Review: 2020 Jaguar F-Type SVR Convertible
It’s feral. It’s demonic. It’s the freakin’ apocalypse in V8 form.
THE PROS & CONS
- What’s Good: Monstrous power and sound, astounding looks
- What’s Bad: Steering could be more precise, holy moly it’s pricey
It never gets old. The throbbing, crackling, barking and altogether banshee-like report through the titanium Inconel exhaust of the Jaguar F-Type SVR is likely a pox to many, but a sign of all that is good in the world of the modern motorcar. It’s not the low-bass rumble you get from say a BMW 8 Series or Mustang, though; it doesn’t quite hit you in the chest so much as it hits you in the ears and cranium.
Sure; it’s been a round for awhile now and it’s almost a cliché, but Jaguar practically made it a cliché when they closed Manhattan’s Park Avenue during the car’s North American launch at the 2016 New York Auto Show just so us lucky journalists could rip through there in pre-production SVRs so we could really hear what they were capable of. Plus, sometimes a cliché can be a good thing.
Either way; coupled with the extreme styling that looks like little else not just in the sport car segment, but in the production auto world as a whole, the F-Type SVR makes no bones about its performance intentions. The two-tone rims hiding yellow brake calipers (denoting the existence of the optional carbon ceramic brake system, a juicy $13,260 upgrade), massive carbon rear wing (standard, along with an adjustable secondary wing), carbon fibre wing mirrors, hood louvres, rollover bars, carbon fibre front and rear splitters, quad exhaust outlets with SVR stenciled into ‘em and of course that glorious Madagascar Orange paint ($4,590, plus another $5,100 for the satin matte finish) make this particular Jag a visual highlight reel that would look good parked on the Las Vegas Strip, in front of the Monte Carlo Casino or on your favorite race track. Make no mistake: this Jaguar is styled to present itself as a sports car that can compete with the best in the biz, from the Porsche 911 to the Audi R8.
A quick note in the coupe v convertible vein: usually I’d say the opposite but when it comes to the F-Type, I think the drop top is the one I’d have. Even with the soft top up, it just looks so purposeful and unique and for some reason, that uniqueness just doesn’t fully make the jump to the coupe. I guess you could say that’s not entirely unique, for the F-Type looks to the E-Type/XKE of the ‘60s and ‘70s for inspiration and the drop-top version of that car was the better looker, too. With the F-Type, there’s something about the way the tail comes to a bit of a taper over those great quad pipes. It just shows that much more without the roofline styling to distract you.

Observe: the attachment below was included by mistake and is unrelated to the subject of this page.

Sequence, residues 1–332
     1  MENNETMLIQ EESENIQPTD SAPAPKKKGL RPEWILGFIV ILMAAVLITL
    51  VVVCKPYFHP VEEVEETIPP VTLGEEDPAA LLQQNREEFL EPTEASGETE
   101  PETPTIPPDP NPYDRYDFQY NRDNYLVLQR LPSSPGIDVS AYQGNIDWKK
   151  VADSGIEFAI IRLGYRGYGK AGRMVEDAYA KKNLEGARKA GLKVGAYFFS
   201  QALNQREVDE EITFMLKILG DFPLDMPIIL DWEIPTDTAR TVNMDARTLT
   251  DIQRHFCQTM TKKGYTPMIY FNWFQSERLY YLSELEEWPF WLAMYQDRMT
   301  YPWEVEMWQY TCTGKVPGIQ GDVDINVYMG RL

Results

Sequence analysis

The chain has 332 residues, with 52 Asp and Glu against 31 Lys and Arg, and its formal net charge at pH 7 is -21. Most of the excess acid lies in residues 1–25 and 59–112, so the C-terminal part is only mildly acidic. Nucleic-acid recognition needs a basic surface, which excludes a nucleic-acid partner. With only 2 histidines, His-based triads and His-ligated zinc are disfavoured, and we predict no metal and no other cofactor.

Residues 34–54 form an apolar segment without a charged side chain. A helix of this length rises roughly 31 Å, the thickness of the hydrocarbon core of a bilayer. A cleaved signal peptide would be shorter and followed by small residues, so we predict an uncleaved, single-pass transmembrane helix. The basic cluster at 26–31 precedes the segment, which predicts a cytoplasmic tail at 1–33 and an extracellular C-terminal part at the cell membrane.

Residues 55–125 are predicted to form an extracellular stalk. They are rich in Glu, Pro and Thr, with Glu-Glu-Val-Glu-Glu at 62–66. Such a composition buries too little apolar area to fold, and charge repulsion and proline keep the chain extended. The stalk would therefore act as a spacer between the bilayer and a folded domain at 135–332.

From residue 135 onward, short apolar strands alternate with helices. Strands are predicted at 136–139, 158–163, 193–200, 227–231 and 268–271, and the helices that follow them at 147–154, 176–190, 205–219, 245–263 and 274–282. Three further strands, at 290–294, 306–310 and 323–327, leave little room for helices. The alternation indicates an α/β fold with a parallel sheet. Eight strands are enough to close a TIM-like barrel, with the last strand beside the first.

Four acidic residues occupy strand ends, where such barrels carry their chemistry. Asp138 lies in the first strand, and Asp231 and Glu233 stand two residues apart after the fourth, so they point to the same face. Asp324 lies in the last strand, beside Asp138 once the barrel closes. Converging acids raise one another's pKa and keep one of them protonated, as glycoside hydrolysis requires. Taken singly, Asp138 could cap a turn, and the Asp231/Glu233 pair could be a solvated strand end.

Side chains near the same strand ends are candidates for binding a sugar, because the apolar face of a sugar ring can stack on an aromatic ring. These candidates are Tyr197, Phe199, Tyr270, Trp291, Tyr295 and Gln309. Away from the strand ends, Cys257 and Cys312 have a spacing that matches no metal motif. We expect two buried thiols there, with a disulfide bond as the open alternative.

Inside, it’s a little more subdued, especially since my tester didn’t have either the carbon fibre package or the suede steering wheel. It’s almost all tuxedo-black in here, which isn’t really a bad thing because it’s a look at how performance and handling are all big business for this particular F-Type and you can keep the flashy interior distractions.
There’s a bit of tech, too; Apple CarPlay and Android Auto are supported, and the way the displays on the climate controls dials change depending on what you want to do – adjust the seat temp, or adjust the climate temp – is a neat take on minimizing interior fussiness. My car’s optional Meridian sound system, meanwhile, works hard to compete with the exhaust note and wind noise, but you will have to crank it with the top down. Certain convertibles change the way sound is projected once you drop the top, but I really couldn’t tell if there was much of a change here.
Whatever; as soon as you fire up that engine, you have all the sensory assault you’ll need. It’s so loud, this thing, that you do have to wonder if they’ve mistakenly forgotten the silencers and just cut a bunch of pipes straight from the headers on back. It’s feral. It’s demonic. It’s the freakin’ apocalypse in V8 form, and holy moly if it doesn’t get your juices flowing – whether at 6 AM or 6 PM – then maybe fast, vocal cars aren’t really for you.